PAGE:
Young children demonstrate the ability to make inferences about the preferences of other agents based on their choices. However, there exists no overarching account of what children are doing when they learn about preferences or how they use that knowledge. We use a rational model of preference learning, drawing on ideas from economics and computer science, to explain the behavior of children in several recent experiments. Specifically, we show how a simple econometric model can be extended to capture two- to four-year-olds’ use of statistical information in inferring preferences, and their generalization of these preferences.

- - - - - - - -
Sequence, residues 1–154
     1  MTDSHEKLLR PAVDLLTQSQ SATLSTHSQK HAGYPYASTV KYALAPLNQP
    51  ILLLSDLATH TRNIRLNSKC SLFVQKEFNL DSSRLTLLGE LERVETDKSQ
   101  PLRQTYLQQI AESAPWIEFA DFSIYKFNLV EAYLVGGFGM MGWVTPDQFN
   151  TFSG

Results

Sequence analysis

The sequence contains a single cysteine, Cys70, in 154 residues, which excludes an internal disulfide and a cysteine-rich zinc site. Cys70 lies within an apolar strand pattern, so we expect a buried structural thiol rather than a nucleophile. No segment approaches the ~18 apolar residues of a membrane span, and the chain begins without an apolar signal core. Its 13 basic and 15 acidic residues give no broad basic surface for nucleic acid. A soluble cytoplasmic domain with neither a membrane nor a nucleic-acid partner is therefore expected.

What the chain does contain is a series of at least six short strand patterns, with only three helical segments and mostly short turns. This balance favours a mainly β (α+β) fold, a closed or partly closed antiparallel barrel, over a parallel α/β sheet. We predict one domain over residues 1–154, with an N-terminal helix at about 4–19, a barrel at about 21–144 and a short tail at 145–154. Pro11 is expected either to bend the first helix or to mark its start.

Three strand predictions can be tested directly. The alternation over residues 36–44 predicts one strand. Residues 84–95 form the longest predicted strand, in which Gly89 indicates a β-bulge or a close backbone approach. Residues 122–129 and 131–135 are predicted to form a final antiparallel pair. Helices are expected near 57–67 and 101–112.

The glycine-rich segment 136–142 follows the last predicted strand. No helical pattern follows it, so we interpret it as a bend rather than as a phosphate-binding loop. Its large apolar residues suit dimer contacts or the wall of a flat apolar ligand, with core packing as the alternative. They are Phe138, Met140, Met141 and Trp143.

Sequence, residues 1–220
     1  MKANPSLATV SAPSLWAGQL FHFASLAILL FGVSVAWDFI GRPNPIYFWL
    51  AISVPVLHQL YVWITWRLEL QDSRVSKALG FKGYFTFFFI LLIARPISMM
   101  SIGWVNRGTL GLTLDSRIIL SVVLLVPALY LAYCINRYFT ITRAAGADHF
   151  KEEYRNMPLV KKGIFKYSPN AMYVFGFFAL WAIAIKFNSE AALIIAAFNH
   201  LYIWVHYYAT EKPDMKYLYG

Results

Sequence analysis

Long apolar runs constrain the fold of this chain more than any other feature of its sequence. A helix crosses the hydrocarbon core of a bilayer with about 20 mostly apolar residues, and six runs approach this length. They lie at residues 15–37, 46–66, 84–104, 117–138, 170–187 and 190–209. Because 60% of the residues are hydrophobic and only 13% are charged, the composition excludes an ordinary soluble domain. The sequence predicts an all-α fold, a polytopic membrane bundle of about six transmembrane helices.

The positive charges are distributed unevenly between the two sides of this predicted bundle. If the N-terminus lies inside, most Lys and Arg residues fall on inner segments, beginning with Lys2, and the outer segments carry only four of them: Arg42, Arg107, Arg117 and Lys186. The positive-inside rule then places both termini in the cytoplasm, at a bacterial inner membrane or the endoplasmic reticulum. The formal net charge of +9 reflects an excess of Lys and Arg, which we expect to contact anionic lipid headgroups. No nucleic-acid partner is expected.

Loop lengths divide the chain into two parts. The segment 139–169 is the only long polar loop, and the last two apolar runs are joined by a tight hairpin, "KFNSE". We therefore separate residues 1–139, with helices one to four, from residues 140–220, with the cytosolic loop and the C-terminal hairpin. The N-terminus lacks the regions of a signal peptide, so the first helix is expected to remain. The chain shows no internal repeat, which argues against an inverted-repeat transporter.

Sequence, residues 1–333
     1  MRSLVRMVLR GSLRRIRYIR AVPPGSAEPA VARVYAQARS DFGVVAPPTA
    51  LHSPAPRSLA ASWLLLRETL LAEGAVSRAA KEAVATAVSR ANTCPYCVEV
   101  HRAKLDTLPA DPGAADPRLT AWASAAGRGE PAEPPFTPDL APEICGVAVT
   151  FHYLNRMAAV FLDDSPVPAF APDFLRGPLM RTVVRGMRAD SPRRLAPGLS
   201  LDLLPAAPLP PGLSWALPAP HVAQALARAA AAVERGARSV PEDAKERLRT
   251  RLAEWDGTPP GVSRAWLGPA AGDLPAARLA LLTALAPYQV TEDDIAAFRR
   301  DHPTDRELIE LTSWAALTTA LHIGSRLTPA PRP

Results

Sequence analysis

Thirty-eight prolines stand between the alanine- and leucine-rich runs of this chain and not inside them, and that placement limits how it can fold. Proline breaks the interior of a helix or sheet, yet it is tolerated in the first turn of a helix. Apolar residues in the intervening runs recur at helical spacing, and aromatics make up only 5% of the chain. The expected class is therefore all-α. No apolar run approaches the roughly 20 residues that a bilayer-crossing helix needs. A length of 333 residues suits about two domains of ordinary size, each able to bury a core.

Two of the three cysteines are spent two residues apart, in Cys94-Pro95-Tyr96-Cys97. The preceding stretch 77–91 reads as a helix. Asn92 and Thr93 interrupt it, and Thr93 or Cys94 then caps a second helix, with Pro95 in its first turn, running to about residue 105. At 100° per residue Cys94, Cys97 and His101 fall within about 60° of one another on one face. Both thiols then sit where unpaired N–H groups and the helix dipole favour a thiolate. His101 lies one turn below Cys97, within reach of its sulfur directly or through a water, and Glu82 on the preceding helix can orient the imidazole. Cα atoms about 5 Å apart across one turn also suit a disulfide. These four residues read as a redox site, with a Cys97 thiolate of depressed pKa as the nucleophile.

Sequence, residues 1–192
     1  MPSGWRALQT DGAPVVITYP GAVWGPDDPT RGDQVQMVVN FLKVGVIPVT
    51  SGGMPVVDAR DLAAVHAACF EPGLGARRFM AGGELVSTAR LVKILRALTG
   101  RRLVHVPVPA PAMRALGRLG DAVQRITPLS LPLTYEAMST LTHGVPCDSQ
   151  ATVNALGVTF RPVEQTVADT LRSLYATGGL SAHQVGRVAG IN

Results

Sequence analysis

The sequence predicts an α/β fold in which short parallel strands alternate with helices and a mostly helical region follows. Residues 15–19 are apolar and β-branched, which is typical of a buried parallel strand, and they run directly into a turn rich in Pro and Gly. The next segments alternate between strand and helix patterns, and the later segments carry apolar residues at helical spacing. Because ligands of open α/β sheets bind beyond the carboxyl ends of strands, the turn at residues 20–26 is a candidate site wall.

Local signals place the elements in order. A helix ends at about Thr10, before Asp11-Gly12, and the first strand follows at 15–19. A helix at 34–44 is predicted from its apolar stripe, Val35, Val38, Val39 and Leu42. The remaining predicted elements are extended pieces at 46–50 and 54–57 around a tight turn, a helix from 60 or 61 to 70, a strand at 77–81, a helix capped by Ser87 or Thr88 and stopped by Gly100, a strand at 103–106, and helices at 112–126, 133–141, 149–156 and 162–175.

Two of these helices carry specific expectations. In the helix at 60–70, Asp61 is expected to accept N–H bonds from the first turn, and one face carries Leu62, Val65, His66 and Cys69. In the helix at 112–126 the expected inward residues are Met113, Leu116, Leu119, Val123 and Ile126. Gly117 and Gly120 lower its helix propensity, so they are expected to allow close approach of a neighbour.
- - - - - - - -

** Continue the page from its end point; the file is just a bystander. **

|Title of host publication||Advances in Neural Information Processing Systems 21|
|Editors||D. Koller, D. Schuurmans, Y. Bengio, L. Bottou|
|Number of pages||8|
|Publication status||Published - 2009|